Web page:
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October 18, 2006 | Suzanne Muchnic, Times Staff Writer
One hundred and ninety-one years after it was created, a year after heirs of the original owner decided to sell it at auction, four months after the Los Angeles County Museum of Art snapped it up for $2.7 million, Jacques-Louis David's "Portrait of Jean-Pierre Delahaye" is making its public debut. The startlingly realistic painting of a white-haired attorney with an equivocal gaze is the centerpiece of a small exhibition opening Thursday at LACMA.
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January 25, 2008 | Christopher Knight, Times Staff Writer
Just about the only thing missing from the exhibition "Some Paintings" is an exclamation mark at the title's end. A whopping 81 paintings by 80 artists, most made recently; here is a show that wants to make a point. And it does, with wit, verve and considerable taste. If the taste is not always mine, or yours -- well, that seems to be part of the point.
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ENTERTAINMENT
January 25, 2008 | Christopher Knight, Times Staff Writer
Just about the only thing missing from the exhibition "Some Paintings" is an exclamation mark at the title's end. A whopping 81 paintings by 80 artists, most made recently; here is a show that wants to make a point. And it does, with wit, verve and considerable taste. If the taste is not always mine, or yours -- well, that seems to be part of the point.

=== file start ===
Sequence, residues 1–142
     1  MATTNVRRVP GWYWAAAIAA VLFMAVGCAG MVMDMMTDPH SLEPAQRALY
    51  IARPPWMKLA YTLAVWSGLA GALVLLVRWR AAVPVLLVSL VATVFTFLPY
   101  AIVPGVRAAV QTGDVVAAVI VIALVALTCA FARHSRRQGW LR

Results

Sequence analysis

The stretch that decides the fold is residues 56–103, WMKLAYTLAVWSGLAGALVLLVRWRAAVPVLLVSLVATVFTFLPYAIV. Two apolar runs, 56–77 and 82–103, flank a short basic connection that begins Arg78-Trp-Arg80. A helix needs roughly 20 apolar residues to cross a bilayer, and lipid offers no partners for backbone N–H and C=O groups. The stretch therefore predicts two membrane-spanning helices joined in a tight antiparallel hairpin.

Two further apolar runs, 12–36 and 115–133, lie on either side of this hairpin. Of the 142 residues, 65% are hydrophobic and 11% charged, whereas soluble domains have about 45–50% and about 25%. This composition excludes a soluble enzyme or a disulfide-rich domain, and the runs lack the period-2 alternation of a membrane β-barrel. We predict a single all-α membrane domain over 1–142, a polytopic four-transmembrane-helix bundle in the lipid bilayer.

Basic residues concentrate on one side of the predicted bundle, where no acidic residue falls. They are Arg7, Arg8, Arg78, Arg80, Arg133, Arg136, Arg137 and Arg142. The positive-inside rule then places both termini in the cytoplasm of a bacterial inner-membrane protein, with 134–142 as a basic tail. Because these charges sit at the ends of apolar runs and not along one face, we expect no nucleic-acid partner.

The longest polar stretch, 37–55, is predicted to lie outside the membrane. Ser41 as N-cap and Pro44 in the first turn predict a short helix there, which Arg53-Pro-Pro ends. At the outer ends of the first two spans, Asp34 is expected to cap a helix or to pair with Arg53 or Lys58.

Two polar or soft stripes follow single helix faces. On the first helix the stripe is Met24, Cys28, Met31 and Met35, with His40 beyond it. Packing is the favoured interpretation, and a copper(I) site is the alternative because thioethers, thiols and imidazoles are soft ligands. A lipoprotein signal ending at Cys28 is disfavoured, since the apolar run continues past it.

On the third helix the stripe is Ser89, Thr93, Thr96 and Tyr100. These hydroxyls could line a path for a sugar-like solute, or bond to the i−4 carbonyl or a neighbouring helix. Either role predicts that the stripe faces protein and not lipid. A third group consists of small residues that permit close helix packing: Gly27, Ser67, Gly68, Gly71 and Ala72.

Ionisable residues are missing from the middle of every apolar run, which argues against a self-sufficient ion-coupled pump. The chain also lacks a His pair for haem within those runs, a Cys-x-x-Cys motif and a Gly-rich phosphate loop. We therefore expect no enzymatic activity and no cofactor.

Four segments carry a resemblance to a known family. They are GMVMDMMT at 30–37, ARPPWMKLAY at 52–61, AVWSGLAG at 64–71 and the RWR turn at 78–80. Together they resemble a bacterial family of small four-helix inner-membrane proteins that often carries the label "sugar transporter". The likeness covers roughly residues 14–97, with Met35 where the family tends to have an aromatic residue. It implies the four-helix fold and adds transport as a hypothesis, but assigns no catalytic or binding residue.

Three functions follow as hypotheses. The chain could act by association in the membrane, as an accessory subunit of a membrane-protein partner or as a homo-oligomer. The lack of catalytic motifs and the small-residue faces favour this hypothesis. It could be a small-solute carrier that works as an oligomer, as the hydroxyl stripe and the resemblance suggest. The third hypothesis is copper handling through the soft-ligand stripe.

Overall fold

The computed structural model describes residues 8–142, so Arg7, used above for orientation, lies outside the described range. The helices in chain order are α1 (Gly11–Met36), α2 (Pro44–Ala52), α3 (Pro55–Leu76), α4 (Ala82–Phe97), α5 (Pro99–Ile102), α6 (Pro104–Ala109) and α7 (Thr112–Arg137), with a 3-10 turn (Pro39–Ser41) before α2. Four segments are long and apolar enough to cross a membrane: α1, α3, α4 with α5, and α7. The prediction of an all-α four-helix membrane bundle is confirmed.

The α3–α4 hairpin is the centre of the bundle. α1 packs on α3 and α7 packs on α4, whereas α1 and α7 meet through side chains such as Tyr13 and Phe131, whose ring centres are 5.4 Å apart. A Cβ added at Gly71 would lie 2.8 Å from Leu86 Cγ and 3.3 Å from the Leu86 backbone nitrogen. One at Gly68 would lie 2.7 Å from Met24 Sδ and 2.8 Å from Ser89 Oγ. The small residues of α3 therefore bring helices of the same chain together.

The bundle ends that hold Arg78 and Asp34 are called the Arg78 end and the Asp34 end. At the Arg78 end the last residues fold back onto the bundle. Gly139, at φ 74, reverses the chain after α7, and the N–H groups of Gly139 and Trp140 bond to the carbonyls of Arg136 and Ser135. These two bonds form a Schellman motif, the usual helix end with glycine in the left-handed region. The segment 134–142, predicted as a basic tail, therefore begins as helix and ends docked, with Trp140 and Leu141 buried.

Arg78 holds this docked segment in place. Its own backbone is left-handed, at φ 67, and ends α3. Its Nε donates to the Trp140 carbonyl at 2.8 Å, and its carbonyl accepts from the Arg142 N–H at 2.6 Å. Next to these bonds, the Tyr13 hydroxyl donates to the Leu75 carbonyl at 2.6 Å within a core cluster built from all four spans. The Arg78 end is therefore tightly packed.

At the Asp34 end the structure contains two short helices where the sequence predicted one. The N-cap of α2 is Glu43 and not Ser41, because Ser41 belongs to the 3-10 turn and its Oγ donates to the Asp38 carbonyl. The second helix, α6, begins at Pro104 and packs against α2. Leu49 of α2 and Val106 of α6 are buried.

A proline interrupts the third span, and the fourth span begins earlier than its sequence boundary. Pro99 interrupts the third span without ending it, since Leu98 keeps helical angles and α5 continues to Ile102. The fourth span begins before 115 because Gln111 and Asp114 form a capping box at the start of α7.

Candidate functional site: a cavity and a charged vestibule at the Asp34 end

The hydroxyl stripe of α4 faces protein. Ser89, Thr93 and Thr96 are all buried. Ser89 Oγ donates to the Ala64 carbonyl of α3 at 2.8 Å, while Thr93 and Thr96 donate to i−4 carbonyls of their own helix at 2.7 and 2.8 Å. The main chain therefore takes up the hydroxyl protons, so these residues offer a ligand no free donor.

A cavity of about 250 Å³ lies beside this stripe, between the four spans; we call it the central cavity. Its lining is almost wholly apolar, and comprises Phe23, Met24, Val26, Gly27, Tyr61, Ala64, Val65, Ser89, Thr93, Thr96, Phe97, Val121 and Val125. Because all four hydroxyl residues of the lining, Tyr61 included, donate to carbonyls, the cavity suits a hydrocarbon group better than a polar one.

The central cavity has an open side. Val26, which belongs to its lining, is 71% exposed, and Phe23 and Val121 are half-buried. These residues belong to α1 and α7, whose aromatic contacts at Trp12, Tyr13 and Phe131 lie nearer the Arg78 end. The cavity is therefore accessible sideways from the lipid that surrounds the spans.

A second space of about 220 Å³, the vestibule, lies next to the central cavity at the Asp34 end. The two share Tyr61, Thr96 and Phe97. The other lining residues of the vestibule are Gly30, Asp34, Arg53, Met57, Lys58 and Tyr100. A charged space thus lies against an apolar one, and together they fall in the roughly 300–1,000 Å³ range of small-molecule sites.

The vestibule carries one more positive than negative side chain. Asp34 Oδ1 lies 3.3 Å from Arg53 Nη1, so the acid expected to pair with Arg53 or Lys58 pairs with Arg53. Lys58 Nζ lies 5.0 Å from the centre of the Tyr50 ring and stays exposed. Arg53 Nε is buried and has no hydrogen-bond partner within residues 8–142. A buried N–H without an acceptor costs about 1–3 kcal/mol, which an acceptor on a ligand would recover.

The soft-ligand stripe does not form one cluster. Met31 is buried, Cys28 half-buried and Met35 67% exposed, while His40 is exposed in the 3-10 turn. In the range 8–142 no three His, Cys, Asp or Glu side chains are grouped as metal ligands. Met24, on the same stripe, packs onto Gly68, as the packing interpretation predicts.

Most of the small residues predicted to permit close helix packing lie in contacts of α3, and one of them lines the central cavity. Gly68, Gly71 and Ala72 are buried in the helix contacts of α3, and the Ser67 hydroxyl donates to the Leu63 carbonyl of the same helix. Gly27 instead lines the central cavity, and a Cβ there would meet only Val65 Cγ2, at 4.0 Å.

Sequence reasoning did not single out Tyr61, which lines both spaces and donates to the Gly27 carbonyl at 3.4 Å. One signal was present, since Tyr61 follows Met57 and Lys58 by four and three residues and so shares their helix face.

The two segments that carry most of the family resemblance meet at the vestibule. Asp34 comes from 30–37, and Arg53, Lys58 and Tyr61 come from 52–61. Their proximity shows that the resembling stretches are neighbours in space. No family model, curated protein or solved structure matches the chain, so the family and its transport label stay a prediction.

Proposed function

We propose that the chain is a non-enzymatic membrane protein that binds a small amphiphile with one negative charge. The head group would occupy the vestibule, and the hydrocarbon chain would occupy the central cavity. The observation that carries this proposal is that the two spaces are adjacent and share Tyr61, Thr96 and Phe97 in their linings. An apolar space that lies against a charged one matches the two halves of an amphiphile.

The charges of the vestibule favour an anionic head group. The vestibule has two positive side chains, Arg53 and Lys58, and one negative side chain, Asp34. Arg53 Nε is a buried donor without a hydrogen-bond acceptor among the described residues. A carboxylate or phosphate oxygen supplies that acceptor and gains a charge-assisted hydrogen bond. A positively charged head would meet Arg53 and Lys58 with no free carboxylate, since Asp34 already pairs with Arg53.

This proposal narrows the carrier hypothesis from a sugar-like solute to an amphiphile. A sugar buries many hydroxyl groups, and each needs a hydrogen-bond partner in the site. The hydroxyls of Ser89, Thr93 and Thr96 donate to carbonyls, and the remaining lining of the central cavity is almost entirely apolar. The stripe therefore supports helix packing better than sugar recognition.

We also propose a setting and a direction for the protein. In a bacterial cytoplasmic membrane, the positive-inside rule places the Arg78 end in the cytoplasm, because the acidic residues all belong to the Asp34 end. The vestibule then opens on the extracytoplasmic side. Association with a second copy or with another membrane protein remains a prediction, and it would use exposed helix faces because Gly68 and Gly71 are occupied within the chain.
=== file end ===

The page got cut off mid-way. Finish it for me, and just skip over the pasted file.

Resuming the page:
ENTERTAINMENT
October 18, 2006 | Suzanne Muchnic, Times Staff Writer
One hundred and ninety-one years after it was created, a year after heirs of the original owner decided to sell it at auction, four months after the Los Angeles County Museum of Art snapped it up for $2.7 million, Jacques-Louis David's "Portrait of Jean-Pierre Delahaye" is making its public debut. The startlingly realistic painting of a white-haired attorney with an equivocal gaze is the centerpiece of a small exhibition opening Thursday at LACMA.
ENTERTAINMENT
February 4, 2005 | Christopher Knight, Times Staff Writer
A rudimentary description of Jacques-Louis David, the Neoclassical artistic genius, casts him as the chief image maker along the Enlightenment road to the French Revolution. He's the one whose Greco-Roman parables of noble civic duty and wrenching personal sacrifice to national ideals, painted as grand episodes from historical theater, so impressed Thomas Jefferson when the American went to Paris in the 1780s.
ENTERTAINMENT
June 23, 2006 | Suzanne Muchnic, Times Staff Writer
The Los Angeles County Museum of Art snagged the top item in a Paris auction, paying $2.7 million for a portrait by Jacques-Louis David on Thursday at Christie's. "Portrait of Jean-Pierre Delahaye" -- a dramatic painting of a white-haired, white-shirted gentleman on a dark background -- was the star attraction in a $9-million sale of 155 Old Master and 19th century paintings. "It's a very big deal for us," said LACMA Director Michael Govan.
ENTERTAINMENT
February 25, 1987 | Arts and entertainment reports from The Times, national and international news services and the nation's press